Standing inside the latest facility gem – the Athletic Performance Center -- that is accompanying a Miami football rebirth, RedHawks head coach Chuck Martin on Wednesday announced a new National Letter of Intent signing class of 20 student athletes.
If things go well, as Martin expects, some newcomers will contribute in some fashion relatively soon. Many will at least have the time to hone Division I football skills that will serve the program well before they leave.
Things were a bit . . .
“The first couple years, they had to play, and I knew they weren’t going to be ready,” Martin said. “But we didn’t have a choice. We had to try to put our best players on the field.
Those youngsters took their lumps.
“Two years ago, we played all those freshmen on offense and . . . we couldn’t get a first down. It was painful to watch … but we knew they had the ability to be good players (at some point).
According to Martin, the 2017 class is as good or better than his previous classes, but for the most part, they won’t be needed right away.
“One of the best things about this signing date is that we’ve got a great nucleus coming back,” Martin said. Any freshman “are going to have to be pretty special, I think, to beat out some of the kids that (we have returning.”
Miami had a small senior class in 2016, and past recruiting efforts have bolsters a number of areas. One place where freshmen may be a particularly welcome sight – at least for depth – is along the defensive line. Standout defensive ends J.T. Jones and Austin Gearing are both gone.
The incoming class brings in six defensive linemen. Then, took there is always the possibility that somebody else can switch positions. Gearing, for instance, started out as a quarterback and seemed to find his niche as a senior defensive end.
“Moving forward, we wanted to have a good class at that position and I think we did that,” Martin said.
Several incoming players have the potential to wind up in a number or spots. Among them is Dominique Robinson, a 6-5, 225-pound quarterback from Canton McKinley. Martin indicated Robinson would start out at QB, but has qualities that could make him successful at a number of places. “He’s going to be a gigantic human being, and he’s a great kid that loves to compete.”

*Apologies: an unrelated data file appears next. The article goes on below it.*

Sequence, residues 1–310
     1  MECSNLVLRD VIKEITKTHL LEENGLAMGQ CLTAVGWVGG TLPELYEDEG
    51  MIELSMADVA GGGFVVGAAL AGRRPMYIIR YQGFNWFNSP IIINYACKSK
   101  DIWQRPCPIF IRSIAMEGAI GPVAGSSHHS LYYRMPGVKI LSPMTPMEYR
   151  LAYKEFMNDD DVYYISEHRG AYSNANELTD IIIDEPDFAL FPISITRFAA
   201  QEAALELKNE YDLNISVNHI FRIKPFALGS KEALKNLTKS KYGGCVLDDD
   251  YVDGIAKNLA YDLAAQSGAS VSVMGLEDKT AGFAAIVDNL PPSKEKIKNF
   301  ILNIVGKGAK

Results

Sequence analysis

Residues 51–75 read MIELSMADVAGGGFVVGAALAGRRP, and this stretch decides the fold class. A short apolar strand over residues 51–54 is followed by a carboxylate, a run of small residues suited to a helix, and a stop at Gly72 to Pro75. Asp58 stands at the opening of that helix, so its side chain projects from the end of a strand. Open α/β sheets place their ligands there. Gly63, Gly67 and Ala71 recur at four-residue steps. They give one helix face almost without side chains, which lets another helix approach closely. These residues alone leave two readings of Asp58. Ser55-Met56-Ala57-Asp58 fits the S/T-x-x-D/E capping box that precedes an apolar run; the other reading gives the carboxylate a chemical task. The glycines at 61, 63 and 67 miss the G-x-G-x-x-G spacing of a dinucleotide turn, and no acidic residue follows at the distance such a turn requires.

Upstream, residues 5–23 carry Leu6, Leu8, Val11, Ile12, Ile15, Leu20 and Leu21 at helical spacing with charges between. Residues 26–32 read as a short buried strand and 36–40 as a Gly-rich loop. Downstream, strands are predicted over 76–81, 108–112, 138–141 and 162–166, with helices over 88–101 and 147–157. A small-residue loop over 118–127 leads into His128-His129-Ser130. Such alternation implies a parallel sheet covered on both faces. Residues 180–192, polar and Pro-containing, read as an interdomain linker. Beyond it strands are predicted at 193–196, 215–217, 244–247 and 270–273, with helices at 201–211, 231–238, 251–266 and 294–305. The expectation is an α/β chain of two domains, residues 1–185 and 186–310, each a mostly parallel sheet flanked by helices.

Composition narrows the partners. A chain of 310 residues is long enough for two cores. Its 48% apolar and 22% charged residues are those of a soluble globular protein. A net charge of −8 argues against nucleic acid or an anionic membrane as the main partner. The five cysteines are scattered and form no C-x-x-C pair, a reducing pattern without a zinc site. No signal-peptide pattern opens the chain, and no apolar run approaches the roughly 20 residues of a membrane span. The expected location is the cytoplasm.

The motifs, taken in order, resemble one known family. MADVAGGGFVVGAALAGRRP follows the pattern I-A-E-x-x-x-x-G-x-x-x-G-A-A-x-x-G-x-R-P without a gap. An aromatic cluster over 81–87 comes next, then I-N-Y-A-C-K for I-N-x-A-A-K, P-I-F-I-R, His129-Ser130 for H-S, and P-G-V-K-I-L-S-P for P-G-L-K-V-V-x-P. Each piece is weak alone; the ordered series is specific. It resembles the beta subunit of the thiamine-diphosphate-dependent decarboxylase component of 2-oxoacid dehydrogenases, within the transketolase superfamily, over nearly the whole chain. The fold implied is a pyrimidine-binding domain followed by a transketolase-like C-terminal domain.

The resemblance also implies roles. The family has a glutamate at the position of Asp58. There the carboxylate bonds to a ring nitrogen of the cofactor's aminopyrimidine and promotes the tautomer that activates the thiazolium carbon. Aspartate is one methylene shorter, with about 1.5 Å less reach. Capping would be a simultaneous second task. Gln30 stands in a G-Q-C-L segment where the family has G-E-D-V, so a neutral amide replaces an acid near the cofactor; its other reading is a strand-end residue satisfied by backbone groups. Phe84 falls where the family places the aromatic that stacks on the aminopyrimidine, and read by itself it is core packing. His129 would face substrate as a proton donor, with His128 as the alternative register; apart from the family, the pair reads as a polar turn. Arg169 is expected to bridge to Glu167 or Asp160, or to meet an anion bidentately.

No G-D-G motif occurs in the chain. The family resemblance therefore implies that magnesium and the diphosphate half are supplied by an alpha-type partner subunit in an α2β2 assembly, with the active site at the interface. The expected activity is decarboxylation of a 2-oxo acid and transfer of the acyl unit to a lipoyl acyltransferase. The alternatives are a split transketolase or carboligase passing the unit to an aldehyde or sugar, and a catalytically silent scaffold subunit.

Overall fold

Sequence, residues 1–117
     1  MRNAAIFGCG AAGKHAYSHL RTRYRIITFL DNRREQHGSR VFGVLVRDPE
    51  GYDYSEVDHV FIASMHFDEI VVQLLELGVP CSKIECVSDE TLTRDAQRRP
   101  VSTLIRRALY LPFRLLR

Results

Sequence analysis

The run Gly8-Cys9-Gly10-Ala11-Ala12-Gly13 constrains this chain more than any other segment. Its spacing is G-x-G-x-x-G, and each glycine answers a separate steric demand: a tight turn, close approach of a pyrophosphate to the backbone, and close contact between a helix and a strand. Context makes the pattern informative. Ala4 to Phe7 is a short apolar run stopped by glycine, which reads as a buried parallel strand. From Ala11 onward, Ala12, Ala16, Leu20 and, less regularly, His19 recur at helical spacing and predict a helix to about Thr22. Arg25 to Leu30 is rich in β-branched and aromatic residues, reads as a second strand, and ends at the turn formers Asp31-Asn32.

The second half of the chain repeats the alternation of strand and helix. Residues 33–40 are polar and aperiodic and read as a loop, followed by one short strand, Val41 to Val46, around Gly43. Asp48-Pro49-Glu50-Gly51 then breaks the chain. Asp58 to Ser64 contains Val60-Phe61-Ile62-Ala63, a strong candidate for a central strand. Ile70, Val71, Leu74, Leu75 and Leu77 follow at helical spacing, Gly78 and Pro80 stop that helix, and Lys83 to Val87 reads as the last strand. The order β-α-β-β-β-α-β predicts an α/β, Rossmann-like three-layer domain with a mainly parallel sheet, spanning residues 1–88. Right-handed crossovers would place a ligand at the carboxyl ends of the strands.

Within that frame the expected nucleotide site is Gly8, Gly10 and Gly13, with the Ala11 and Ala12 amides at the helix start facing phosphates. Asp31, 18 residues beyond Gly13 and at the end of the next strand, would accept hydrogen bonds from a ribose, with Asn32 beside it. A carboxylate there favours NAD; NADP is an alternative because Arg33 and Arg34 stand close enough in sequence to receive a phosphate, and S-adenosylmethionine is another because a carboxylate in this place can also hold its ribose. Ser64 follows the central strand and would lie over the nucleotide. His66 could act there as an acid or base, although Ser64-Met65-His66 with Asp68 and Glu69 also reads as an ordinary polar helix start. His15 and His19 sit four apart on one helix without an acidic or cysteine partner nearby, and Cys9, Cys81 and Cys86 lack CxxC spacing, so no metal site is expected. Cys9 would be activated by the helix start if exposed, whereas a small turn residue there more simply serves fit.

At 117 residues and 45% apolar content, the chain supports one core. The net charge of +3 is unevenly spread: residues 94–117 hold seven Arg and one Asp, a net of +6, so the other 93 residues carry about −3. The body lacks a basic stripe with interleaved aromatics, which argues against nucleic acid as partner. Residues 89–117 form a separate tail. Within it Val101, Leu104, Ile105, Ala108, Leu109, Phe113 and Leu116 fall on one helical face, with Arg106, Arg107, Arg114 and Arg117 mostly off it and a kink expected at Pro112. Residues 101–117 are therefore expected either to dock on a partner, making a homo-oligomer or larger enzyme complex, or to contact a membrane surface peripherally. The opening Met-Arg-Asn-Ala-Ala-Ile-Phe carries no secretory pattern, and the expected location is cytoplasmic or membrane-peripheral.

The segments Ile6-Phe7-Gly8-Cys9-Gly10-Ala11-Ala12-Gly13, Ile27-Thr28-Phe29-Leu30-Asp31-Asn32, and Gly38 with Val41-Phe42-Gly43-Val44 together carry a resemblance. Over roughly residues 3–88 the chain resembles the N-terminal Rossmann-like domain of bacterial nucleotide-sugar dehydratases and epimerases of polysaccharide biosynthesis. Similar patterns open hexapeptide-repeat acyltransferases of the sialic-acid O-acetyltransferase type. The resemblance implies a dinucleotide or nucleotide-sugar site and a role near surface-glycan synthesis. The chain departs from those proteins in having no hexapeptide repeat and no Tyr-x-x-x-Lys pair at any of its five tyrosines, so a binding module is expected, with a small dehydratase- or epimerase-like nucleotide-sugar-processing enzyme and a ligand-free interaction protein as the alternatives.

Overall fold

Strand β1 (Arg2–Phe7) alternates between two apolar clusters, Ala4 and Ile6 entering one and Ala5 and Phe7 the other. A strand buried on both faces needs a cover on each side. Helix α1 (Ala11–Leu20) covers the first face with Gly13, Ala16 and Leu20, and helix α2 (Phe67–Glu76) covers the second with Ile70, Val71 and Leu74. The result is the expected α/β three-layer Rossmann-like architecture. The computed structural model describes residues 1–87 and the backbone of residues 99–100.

Sterling Weatherford, a 6-5, 205-pound defensive back could see action at safety or somewhere else before his career is over. In both cases, the players appear to be gifted athletes and the staff believes versatility can be a good thing for program and players. “Everybody wants him,” Martin said, noting various assistants felt Weatherford could eventually help their area.
“Length makes the field smaller, and speed makes the field smaller,” Martin said. “If you get big, long guys that can run, too – which we have in this class – it’s going to make the field look a lot smaller and make the game easier.”
Of course, Martin also sees a place for some of the smaller, quicker athletes in the class. WR Jalen Weathers and RB Jaylon Bester are both 5-8 players who “can make plays with their feet.”
Overall, the class was balanced, with 10 defensive players, eight offensively players and the two athletes, who have an offensive background.
Among the offensive signees is Jackson Williamson, a 6-3, 205-pound southpaw quarterback from Anderson, South Carolina. “He can be a dual threat kind of guy,” said Martin, who noted Williamson was an impressive thrower. He completed 68 percent of passes against “quality competition – and they threw the ball down the field. It wasn’t like he was completing all bubble screens.”
“We liked everything about him on tape and then we got to meet him and we liked even more about him. … He’s a winner and he’s a competitor.”
Joining the 5-8 Walker as the other receiver in the class is Mitchell Lewis, a 6-6, 215-pound target. Mitchell Burton (6-2, 195) and Davion Johnson (6-0, 205) are the listed running backs joining Miami’s ranks.
The signee list also includes two offensive linemen, both of which are at least 290 pounds. This puts MU more at a maintenance level for the O-line after several years of dedicating extra spots to build up a particularly weak area leading up to Martin’s arrival
I’m pleased with the class. (It’s) a lot of big-bodied, athletic kids,” Martin said. “The days of us being physically overmatched should be over.”